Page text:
Variation in and distribution of the unisexual lizard, Cnemidophorus tesselatus. American Museum novitates ; no. 2235

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dc.contributor.author Zweifel, Richard George, 1926- en_US
dc.date.accessioned 2005-10-06T17:32:58Z
dc.date.available 2005-10-06T17:32:58Z
dc.date.issued 1965 en_US
dc.identifier.uri http://hdl.handle.net/2246/4291
dc.description 49 p. : ill., maps ; 24 cm. en_US
dc.description Includes bibliographical references (p. 46-49). en_US
dc.description.abstract "Cnemidophorus tesselatus is a species of lizard in which males are virtually absent. Hence, reproduction presumably is parthenogenetic. Variation of the species as a whole is similar to that of bisexual forms, but samples of local populations of tesselatus show greatly restricted variation in color pattern and scutellation in comparison to similar samples of the bisexual form C. tigris. Presumably this restriction results from the great reduction in recombination that is a consequence of unisexual reproduction. Five allopatric classes of color pattern are recognized in tesselatus. Populations of a sixth class occur in two widely separated areas, in each of which they are sympatric with another class. Differences in scutellation correlate with differences in color pattern of sympatric populations, indicating that two genetically distinct clonal lines coexist. The most widespread color-pattern class is relatively uniform in scutellation over a wide geographic area, whereas populations with more restricted geographic distributions tend to differ, in some cases markedly, from locality to locality. Differences in scutellation and color pattern among populations of tesselatus are similar to those that distinguish subspecies in bisexual species of Cnemidophorus. However, complications introduced by sympatric clones and discordant variation render the recognition of subspecies impractical in the unisexual species. Retention of all the populations within one species is recommended as best exemplifying their relationships, even though gene exchange between parthenogenetic populations manifestly is impossible"--P. 41. en_US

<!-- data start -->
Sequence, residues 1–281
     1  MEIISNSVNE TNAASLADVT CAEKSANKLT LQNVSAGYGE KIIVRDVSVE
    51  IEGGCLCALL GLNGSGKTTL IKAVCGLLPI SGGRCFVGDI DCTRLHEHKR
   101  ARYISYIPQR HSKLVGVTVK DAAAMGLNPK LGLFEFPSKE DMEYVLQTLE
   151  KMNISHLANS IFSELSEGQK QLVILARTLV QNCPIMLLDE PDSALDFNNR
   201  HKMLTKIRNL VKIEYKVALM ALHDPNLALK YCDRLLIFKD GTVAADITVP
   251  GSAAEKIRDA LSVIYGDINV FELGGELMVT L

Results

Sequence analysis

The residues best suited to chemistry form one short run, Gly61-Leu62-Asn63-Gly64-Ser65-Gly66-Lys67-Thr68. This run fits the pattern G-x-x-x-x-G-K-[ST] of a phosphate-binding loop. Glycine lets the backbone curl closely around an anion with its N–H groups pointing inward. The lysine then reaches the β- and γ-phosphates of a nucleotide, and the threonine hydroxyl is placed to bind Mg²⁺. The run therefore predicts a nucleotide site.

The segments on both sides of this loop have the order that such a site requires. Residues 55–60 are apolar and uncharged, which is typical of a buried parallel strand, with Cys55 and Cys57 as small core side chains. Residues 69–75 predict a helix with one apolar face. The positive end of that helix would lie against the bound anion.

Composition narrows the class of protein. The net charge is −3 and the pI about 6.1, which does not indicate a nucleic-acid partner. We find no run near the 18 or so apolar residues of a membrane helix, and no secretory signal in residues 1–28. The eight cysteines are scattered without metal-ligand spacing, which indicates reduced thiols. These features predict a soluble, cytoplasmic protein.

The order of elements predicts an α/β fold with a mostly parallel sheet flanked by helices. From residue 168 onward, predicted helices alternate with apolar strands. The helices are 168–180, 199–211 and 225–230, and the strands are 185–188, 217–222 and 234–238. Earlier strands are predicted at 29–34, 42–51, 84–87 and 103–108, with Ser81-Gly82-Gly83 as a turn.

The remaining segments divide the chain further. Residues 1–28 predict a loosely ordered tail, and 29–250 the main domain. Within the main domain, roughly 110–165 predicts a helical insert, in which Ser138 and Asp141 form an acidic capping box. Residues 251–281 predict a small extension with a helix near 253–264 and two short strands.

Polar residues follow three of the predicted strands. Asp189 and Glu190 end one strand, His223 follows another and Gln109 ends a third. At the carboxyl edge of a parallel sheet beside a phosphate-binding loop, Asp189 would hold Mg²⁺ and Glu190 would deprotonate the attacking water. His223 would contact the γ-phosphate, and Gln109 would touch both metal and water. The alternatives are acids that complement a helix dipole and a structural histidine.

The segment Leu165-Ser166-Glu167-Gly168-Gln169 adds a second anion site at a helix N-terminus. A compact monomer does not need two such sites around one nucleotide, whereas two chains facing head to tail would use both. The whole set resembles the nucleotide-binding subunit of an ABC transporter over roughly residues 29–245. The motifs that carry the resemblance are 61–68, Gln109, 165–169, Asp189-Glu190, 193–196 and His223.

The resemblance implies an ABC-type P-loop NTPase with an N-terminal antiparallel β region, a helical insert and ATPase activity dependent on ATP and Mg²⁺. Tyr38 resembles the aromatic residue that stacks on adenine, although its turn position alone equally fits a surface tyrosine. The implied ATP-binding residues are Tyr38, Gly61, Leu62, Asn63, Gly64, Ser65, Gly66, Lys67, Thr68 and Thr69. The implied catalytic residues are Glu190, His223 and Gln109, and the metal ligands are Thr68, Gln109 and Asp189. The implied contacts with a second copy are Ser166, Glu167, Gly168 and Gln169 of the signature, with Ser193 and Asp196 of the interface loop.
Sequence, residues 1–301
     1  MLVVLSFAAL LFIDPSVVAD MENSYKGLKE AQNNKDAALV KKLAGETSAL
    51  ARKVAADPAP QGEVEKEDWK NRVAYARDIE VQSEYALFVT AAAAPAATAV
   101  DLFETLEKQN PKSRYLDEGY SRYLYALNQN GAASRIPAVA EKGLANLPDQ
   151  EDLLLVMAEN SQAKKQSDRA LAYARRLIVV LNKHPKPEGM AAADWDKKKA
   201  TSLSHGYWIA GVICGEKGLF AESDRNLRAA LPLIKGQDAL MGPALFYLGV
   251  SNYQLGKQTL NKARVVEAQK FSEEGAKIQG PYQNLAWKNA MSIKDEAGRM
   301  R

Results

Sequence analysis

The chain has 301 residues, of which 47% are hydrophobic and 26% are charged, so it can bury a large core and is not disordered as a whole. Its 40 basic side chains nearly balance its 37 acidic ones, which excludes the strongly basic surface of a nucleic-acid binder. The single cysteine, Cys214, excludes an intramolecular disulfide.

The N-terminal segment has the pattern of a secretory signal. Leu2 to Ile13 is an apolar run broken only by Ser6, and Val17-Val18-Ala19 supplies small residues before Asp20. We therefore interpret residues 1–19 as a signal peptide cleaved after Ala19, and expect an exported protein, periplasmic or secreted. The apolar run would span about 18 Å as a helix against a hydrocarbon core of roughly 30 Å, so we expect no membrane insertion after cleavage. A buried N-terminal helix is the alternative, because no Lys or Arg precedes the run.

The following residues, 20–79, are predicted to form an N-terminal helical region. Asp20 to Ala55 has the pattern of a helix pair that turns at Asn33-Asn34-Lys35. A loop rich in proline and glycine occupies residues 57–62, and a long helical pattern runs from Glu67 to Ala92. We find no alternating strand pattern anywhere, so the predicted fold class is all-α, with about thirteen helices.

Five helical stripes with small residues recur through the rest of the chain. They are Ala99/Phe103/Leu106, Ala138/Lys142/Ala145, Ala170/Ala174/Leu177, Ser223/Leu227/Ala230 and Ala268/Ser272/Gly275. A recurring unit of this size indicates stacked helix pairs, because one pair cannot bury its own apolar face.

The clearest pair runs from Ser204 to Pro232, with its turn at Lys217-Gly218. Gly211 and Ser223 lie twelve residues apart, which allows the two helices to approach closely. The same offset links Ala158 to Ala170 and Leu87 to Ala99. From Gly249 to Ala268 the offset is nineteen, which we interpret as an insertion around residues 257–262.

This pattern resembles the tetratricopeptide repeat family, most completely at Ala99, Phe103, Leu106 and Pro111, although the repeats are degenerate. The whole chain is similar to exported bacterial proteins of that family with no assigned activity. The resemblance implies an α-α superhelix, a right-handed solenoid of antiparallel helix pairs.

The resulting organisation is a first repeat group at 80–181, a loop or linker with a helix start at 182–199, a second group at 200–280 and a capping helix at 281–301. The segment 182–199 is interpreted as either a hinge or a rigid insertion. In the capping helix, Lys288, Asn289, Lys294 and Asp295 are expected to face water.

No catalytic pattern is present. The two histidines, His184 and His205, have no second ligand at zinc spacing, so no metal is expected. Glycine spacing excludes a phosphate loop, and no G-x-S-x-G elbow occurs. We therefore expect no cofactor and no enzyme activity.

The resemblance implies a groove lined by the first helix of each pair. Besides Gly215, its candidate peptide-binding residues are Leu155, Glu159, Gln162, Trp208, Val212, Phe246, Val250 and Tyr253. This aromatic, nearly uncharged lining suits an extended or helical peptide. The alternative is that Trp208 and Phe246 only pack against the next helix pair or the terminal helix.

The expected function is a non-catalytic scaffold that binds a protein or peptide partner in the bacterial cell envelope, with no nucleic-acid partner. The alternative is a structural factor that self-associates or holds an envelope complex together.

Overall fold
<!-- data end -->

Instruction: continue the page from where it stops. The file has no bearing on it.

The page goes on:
dc.format.extent 4783352 bytes
dc.format.mimetype application/pdf
dc.language eng en_US
dc.language.iso en_US
dc.publisher New York, N.Y. : American Museum of Natural History en_US
dc.relation.ispartofseries American Museum novitates ; no. 2235 en_US
dc.subject.lcc QL1 .A436 no.2235, 1965 en_US
dc.subject.lcsh Cnemidophorus tesselatus. en_US
dc.subject.lcsh Lizards -- Southwestern States. en_US
dc.subject.lcsh Lizards -- Mexico. en_US
dc.subject.lcsh Parthenogenesis in animals. en_US
dc.subject.lcsh Reptiles -- Southwestern States. en_US
dc.subject.lcsh Reptiles -- Mexico. en_US
dc.title Variation in and distribution of the unisexual lizard, Cnemidophorus tesselatus. American Museum novitates ; no. 2235 en_US
dc.title.alternative Unisexual lizard en_US
dc.type text en_US

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  • American Museum Novitates
    Novitates (Latin for "new acquaintances"), published continuously and numbered consecutively since 1921, are short papers that contain descriptions of new forms and reports in zoology, paleontology, and geology. New numbers are published at irregular intervals.

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